Occupational health is becoming an increasingly popular benefit within companies employing more than 300 staff, but take-up plummets among organisations that employ fewer employees, according to research.
A study of more than 1,000 employers by health insurer AXA-PPP found that 61% of companies employing 300 to 1,000 workers provide OH services, rising to 71% in firms with more than 1,000 staff. But below this level, provision tails off dramatically, falling to 35% among firms employing 100 to 300 workers, and 12% in firms with fewer than 100 staff.
There is also clear evidence of a growing public/private sector split when it comes to OH.
Among public sector companies of all sizes, 78% use OH services. But the figure for the private sector is much lower at 36%.
More encouraging for OH, however, is the growing profile and recognition of occupational health among the respondents.
OH was ranked the third most popular benefit to offer staff when it came to helping them cope with stress and pressure, at 45%.
Promoting flexible working and taking more holiday were the two most popular benefits.
The survey also found that stressed staff were a problem for nearly two-thirds of small- to medium-sized businesses, yet few bothered to train their managers in how to spot or deal with workers who were under pressure.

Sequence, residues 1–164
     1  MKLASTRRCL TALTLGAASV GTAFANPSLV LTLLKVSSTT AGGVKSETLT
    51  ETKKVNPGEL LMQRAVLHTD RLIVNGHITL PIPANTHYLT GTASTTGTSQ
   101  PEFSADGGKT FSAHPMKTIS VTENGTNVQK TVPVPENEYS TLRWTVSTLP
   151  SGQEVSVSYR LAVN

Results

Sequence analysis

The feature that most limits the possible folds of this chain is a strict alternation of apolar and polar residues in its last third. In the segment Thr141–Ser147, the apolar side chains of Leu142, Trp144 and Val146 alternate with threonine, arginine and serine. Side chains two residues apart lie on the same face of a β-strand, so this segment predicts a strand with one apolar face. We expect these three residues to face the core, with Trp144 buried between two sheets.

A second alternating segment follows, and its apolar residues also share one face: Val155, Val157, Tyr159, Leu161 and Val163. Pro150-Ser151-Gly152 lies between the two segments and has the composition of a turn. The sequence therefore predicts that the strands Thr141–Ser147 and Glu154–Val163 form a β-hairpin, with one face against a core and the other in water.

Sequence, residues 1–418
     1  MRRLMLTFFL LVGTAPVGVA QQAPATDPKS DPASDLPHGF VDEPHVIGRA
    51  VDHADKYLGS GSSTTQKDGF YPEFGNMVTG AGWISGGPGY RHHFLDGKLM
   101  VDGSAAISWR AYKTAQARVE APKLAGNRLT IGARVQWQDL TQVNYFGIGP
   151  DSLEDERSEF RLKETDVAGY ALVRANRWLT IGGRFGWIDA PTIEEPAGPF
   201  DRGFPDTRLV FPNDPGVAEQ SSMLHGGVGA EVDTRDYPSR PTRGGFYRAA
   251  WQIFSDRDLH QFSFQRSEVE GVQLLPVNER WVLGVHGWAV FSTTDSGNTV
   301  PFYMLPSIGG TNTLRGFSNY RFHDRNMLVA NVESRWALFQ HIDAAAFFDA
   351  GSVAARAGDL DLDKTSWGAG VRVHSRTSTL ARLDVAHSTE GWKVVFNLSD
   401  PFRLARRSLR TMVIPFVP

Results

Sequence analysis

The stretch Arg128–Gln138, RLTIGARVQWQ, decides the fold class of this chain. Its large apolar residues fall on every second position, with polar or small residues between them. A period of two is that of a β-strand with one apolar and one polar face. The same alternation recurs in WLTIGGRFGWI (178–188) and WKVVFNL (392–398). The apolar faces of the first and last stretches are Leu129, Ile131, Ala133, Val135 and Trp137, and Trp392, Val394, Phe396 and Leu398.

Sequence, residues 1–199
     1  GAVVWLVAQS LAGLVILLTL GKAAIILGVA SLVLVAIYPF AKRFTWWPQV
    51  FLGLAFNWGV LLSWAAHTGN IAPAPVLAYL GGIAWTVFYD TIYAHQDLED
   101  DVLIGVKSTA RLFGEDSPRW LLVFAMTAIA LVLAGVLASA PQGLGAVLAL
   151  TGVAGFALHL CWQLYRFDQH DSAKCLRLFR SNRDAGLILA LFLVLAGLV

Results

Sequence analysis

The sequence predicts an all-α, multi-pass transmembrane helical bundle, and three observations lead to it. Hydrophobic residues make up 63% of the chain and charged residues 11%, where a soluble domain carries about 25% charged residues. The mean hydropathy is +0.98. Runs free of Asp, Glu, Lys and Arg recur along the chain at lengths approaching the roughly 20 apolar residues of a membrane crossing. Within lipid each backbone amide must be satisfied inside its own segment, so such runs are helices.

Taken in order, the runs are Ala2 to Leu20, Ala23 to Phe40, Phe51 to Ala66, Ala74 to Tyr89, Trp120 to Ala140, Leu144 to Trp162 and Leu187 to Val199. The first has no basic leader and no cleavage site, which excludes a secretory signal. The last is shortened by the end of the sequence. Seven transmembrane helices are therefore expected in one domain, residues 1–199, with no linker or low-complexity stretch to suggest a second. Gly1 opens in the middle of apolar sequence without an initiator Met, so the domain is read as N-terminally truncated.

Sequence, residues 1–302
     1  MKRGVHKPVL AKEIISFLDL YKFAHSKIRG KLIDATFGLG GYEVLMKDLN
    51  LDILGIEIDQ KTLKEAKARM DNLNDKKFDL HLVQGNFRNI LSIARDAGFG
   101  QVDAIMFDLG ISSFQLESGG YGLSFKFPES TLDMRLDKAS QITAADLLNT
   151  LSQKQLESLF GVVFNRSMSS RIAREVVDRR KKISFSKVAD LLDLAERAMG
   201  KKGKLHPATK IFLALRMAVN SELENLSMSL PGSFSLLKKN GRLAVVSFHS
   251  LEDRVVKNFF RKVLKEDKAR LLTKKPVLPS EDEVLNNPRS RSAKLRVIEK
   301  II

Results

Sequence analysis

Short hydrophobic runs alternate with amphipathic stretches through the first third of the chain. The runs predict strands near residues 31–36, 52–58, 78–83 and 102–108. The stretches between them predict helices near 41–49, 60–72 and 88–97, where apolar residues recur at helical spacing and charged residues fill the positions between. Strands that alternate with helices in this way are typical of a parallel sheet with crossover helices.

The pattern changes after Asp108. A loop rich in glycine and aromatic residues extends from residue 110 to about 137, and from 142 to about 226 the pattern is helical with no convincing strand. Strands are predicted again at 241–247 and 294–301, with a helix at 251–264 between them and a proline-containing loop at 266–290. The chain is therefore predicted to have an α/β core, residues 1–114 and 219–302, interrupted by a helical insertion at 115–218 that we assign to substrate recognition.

Small- to medium-sized businesses rarely assessed stress levels within their workplaces or monitored whether stress was affecting absence, staff turnover or productivity rates.
Across the board, just one in five employers carried out regular workplace stress risk assessments, and only one in 10 did stress audits. Such monitoring was far more common among the larger organisations.
More than a third of the employers had no strategy for tackling stress, and fewer than one in five that did have a strategy had implemented it.
Dudley Lusted, AXA head of corporate healthcare, said: “Most companies are saying they want to do something about it, yet most have not done anything. So there is a role there for more training – a lot of managing stress comes back to training.”